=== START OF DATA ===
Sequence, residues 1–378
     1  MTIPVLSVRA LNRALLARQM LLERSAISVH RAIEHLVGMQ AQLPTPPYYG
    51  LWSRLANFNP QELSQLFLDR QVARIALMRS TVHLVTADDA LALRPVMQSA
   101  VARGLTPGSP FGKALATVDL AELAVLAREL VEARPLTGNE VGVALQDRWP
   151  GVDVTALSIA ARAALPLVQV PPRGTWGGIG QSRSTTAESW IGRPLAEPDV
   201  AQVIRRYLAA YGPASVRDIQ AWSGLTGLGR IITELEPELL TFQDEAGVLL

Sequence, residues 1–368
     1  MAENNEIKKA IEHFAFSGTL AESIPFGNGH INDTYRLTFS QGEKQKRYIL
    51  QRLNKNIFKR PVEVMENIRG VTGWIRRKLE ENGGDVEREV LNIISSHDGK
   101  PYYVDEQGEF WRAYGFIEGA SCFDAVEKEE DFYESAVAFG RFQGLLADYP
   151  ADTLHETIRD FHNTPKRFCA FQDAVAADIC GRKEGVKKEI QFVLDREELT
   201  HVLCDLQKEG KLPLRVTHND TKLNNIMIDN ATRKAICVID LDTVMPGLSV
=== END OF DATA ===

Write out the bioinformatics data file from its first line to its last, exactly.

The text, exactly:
Sequence, residues 1–378
     1  MTIPVLSVRA LNRALLARQM LLERSAISVH RAIEHLVGMQ AQLPTPPYYG
    51  LWSRLANFNP QELSQLFLDR QVARIALMRS TVHLVTADDA LALRPVMQSA
   101  VARGLTPGSP FGKALATVDL AELAVLAREL VEARPLTGNE VGVALQDRWP
   151  GVDVTALSIA ARAALPLVQV PPRGTWGGIG QSRSTTAESW IGRPLAEPDV
   201  AQVIRRYLAA YGPASVRDIQ AWSGLTGLGR IITELEPELL TFQDEAGVLL

Sequence, residues 1–368
     1  MAENNEIKKA IEHFAFSGTL AESIPFGNGH INDTYRLTFS QGEKQKRYIL
    51  QRLNKNIFKR PVEVMENIRG VTGWIRRKLE ENGGDVEREV LNIISSHDGK
   101  PYYVDEQGEF WRAYGFIEGA SCFDAVEKEE DFYESAVAFG RFQGLLADYP
   151  ADTLHETIRD FHNTPKRFCA FQDAVAADIC GRKEGVKKEI QFVLDREELT
   201  HVLCDLQKEG KLPLRVTHND TKLNNIMIDN ATRKAICVID LDTVMPGLSV